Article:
There are many terms used to describe emotional, behavioral or mental disorders. Currently, children diagnosed with such disorders are categorized as having a serious emotional disturbance, which can be characterized by: an inability to learn; an inability to build or maintain satisfactory interpersonal relationships; inappropriate types of behavior or feelings under normal circumstances; general pervasive mood of unhappiness or depression; or a tendency to develop physical symptoms or fears associated with personal or school problems.

The causes of emotional disturbance have not been adequately determined. Although various factors such as heredity, brain disorder, diet, stress, and family functioning have been suggested as possible causes, research has not shown any of these factors to be the direct cause of behavior problems. Some of the characteristics and behaviors seen in children who have emotional disturbances include: Hyperactivity; Aggression/self-injurious behavior; Withdrawal; Immaturity; and Learning difficulties.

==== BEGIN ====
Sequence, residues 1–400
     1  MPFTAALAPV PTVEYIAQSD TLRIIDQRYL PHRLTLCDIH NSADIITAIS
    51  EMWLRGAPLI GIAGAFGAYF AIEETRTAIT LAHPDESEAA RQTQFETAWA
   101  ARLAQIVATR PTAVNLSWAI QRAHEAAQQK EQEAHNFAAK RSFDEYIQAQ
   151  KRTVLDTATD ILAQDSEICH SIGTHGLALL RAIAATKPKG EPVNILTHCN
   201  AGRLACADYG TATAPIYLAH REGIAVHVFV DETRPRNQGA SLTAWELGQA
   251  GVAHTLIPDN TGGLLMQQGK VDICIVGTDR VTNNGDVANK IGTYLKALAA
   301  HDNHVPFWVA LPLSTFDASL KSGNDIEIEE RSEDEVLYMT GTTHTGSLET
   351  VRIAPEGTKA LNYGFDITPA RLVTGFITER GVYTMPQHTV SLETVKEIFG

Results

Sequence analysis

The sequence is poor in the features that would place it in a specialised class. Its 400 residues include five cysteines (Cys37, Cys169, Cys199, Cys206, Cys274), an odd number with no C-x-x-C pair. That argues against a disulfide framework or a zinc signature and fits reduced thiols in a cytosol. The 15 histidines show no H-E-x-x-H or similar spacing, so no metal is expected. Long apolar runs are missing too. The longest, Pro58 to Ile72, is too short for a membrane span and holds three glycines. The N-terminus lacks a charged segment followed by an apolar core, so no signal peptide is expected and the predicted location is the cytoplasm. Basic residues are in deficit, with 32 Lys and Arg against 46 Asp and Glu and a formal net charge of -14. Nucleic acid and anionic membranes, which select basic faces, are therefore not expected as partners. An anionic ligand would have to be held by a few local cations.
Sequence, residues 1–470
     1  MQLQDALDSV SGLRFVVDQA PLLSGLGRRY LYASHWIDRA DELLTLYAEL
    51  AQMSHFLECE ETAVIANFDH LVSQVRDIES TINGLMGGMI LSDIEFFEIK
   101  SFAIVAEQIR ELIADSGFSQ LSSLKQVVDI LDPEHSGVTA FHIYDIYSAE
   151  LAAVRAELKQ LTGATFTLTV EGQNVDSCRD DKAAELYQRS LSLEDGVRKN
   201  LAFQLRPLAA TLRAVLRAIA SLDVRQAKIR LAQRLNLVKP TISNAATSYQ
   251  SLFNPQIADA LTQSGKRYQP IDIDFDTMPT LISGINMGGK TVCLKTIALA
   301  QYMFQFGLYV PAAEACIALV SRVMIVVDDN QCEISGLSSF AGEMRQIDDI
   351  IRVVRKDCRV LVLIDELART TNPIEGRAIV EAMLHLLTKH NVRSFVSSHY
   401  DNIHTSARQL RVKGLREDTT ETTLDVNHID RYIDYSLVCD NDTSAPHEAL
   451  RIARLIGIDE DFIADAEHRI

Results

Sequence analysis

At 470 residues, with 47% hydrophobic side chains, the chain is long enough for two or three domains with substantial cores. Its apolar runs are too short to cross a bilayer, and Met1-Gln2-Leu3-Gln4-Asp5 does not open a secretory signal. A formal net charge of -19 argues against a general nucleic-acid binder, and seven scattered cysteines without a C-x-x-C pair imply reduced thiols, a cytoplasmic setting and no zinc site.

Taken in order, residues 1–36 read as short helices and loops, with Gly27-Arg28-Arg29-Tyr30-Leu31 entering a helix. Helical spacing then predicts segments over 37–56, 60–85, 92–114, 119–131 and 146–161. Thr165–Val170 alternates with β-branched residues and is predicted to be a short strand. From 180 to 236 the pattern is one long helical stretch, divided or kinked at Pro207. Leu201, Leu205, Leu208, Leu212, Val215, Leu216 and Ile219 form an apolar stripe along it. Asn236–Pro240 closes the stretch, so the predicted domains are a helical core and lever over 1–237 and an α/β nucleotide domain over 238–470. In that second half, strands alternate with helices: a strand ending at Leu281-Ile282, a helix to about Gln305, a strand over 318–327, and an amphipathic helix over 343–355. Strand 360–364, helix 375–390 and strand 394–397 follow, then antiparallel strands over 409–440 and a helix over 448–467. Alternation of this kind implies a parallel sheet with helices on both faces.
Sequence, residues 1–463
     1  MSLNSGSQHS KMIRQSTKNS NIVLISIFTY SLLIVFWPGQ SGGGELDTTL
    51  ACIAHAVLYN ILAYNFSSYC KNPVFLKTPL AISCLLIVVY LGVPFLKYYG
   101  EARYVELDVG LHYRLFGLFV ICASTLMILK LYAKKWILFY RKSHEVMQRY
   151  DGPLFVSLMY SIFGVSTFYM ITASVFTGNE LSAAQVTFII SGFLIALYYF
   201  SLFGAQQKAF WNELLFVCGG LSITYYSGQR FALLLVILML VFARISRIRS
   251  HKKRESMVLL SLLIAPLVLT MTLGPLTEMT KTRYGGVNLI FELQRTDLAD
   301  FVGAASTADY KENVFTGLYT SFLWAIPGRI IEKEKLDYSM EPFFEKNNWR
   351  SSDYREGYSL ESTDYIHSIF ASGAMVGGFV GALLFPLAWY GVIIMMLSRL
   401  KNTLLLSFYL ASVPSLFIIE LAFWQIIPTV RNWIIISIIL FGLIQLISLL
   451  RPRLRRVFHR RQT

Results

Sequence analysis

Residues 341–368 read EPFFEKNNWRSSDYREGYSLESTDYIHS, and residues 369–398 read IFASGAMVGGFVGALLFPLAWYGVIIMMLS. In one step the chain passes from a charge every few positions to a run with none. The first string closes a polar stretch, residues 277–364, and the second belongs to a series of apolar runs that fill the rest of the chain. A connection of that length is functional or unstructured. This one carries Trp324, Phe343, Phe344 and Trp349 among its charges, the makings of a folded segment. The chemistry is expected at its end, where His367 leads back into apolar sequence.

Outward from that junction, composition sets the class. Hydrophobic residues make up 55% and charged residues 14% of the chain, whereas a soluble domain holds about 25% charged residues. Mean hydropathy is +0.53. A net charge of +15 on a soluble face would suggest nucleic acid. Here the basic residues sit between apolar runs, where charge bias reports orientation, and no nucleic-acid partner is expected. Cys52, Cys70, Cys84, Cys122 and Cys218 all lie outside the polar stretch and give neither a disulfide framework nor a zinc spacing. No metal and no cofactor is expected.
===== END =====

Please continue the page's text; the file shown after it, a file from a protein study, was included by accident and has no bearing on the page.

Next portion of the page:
Children with the most serious emotional disturbances may exhibit distorted thinking, excessive anxiety, bizarre motor acts, and mood swings and are sometimes identified as children who have a severe psychosis or schizophrenia.

Many children who do not have emotional disturbances may display some of these same behaviors at various times during their development. However, when children have serious emotional disturbances, these behaviors continue over long periods of time. Their behavior thus signals that they are not coping with their environment or peers. is committed to providing our visitors and subscribers with access to accurate and timely information on a broad range of topics relative to emotional and behavior concerns. If you have any special requests or would like to see a specific topic covered in this informational section, please e-mail us at

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